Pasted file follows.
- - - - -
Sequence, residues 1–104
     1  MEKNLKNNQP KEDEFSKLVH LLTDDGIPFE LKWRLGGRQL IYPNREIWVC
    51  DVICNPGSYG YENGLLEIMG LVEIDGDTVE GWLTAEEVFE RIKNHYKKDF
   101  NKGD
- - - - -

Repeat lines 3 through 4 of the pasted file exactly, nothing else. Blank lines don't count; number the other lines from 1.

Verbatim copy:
    51  DVICNPGSYG YENGLLEIMG LVEIDGDTVE GWLTAEEVFE RIKNHYKKDF
   101  NKGD